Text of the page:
As predicted, the deep depression in the Arabian Sea has intensified into a cyclone “Sagar”, the first cyclonic storm of the season to develop in the Indian waters.
CURRENT POSITION OF SAGAR & EXPECTED MOVEMENTS
- At present, the cyclone Sagar is seen overthe Gulf of Aden near latitude 13.2°N and longitude 48.7°E, around 400 km east-northeast of Aden in Yemen and 560 km west-northwest of Socotra Islands.
- With the system moving in open waters, it is expected to gain more strength and sustain the strength of a tropical storm for at least next 12 hours.
- Thereafter, as predicted earlier, the system would gradually start weakening on account of close proximity to the coast.
- Sagar is most likely to continue tracking westwards during the next 12 hours and then west-southwestwards in the subsequent 24 hours, while sea conditions are expected to remain rough.
FACTS OF SAGAR
- The Tropical Depression 1A was named ‘Sagar’ by the Indian Meteorological Department, the agency with the primary responsibility of tropical cyclone forecasting in the North Indian Ocean, including the Arabian Sea.
- Cyclonic storm: A tropical cyclone is anintense low-pressure area or a whirl in the atmosphere over tropical or sub-tropical waters, with organized convection (i.e. thunderstorm activity) and winds at low levels, circulating either anti-clockwise (in the northern hemisphere) or clockwise (in the southern hemisphere).
HOW DO CYCLONES FORM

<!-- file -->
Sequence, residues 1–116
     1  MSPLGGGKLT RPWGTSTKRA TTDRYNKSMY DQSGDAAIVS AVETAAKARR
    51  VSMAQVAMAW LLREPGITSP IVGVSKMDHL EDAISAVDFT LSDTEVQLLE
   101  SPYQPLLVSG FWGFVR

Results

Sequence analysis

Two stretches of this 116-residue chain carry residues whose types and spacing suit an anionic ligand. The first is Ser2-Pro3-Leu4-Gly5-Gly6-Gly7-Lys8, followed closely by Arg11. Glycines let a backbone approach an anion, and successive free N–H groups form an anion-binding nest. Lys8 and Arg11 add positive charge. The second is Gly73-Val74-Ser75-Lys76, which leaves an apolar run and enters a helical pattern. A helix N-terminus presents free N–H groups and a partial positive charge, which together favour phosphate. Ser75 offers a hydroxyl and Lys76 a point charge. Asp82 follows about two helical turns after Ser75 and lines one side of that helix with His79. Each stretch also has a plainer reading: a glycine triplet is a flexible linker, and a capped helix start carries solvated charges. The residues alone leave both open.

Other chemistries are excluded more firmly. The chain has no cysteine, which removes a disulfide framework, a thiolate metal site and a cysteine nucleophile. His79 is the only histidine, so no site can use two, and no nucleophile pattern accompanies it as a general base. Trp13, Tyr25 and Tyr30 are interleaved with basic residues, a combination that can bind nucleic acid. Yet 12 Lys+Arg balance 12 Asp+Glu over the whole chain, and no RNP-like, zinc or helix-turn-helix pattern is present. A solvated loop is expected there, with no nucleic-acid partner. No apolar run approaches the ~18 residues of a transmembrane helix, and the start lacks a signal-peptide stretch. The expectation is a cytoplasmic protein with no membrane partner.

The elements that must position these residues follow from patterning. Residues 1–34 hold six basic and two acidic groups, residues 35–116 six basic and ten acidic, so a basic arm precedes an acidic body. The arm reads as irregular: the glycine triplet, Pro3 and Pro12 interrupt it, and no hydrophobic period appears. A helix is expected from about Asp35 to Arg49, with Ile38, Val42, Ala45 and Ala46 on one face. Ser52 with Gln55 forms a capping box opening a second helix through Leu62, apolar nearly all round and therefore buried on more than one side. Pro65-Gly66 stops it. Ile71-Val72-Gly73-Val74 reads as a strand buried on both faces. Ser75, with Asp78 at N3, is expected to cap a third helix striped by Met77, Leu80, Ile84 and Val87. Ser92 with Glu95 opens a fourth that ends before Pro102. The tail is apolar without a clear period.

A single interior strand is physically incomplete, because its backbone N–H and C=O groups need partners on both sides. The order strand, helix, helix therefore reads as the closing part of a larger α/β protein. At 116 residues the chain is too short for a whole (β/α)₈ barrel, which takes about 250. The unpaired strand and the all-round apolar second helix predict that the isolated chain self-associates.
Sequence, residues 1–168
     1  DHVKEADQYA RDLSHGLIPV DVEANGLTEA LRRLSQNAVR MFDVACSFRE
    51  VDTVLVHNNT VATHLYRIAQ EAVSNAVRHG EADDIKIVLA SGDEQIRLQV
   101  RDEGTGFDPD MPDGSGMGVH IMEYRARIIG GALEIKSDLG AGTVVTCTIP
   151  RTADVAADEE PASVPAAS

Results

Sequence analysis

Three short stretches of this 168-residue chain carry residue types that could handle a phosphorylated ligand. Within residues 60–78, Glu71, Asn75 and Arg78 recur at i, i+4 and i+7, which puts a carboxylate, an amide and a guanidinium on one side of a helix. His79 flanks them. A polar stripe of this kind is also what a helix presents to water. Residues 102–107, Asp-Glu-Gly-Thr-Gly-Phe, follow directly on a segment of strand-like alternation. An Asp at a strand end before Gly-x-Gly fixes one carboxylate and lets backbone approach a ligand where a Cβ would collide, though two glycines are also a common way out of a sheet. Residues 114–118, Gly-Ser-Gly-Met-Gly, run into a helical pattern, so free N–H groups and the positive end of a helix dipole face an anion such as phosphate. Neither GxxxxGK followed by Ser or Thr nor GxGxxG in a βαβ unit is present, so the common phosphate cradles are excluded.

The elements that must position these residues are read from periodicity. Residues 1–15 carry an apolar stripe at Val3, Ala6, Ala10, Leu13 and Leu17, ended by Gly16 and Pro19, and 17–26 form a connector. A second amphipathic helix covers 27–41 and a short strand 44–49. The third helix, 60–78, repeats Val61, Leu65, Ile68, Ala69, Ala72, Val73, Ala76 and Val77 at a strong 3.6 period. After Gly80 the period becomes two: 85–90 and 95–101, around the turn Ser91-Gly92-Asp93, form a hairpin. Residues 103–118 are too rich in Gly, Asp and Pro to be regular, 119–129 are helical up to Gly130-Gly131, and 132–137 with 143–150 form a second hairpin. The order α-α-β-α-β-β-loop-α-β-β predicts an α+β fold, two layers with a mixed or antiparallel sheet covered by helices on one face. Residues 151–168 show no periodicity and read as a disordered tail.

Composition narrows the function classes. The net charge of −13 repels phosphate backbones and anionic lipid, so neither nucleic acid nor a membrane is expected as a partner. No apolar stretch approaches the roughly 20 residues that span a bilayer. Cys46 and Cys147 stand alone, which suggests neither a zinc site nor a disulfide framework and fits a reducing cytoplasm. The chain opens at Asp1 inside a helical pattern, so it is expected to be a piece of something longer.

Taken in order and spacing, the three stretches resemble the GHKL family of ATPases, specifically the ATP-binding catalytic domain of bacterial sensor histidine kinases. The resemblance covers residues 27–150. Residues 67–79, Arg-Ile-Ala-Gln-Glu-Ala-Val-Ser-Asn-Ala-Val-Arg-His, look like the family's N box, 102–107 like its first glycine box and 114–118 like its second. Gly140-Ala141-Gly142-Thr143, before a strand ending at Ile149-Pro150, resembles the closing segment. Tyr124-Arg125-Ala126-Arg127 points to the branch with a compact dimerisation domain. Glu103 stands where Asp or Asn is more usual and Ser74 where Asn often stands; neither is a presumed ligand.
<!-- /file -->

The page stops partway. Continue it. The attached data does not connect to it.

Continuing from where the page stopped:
- Tropical cyclones require certain conditions for their formation as given below:
- A source of warm, moist air derived from tropical oceans with sea surface temperature normally near to or in excess of 27 °C
- Winds near the ocean surface blowing from different directions converging and causing air to rise and storm clouds to form
- Winds which do not vary greatly with height - known as low wind shear. This allows the storm clouds to rise vertically to high levels;
- Coriolisforce/spin induced by the rotation of the Earth. The formation mechanisms vary across the world, but once a cluster of storm clouds starts to rotate, it becomes a tropical depression. If it continues to develop, it becomes a tropical storm, and later a cyclone/ super cyclone.
HOW WILL IT IMPACT INDIA
- The cyclonic storm, Sagar is less likely to have any significant impact on coastal Gujarat as the storm is moving towards the Gulf of Oman.
- However, the state administration has already initiated precautionary measures including hosting of Distant Warning (DW) signal number 2 at all major ports along the Gujarat coast.
- High wind speed: Gale winds speed reaching 75-85 kmph gusting to 95 kmph is very likely around the system centre covering Gulf of Aden and adjoining areas of west central and southwest Arabian Sea during the next 12 hrs and gradual decrease thereafter becoming 65-75 kmph gusting to 85 kmph during subsequent 12 hours.
- Sea condition: Sea conditions are likely to be high around the system center covering the Gulf of Aden and adjoining areas of west-central and south-west ofthe Arabian Sea during the next 24 hours.
- Fisherman: The fisherman is advised not to venture into the Gulf of Aden and adjoining areas of west-central and south-west Arabian Sea during the next 48 hours.
The cyclonic storm is expected to lead to severe flash flooding and river flooding across the region resulting in loss of human life, livestock, and the destruction of crops, property and infrastructure. In addition to this, very heavy rainfall occurring across Western Yemen is likely to promote cholera infection rates in the week ahead. Though the storm is not going to affect Indian coastmuch, but IMD has generated early warning in the Indian coastal regions to avoid any mishappenings.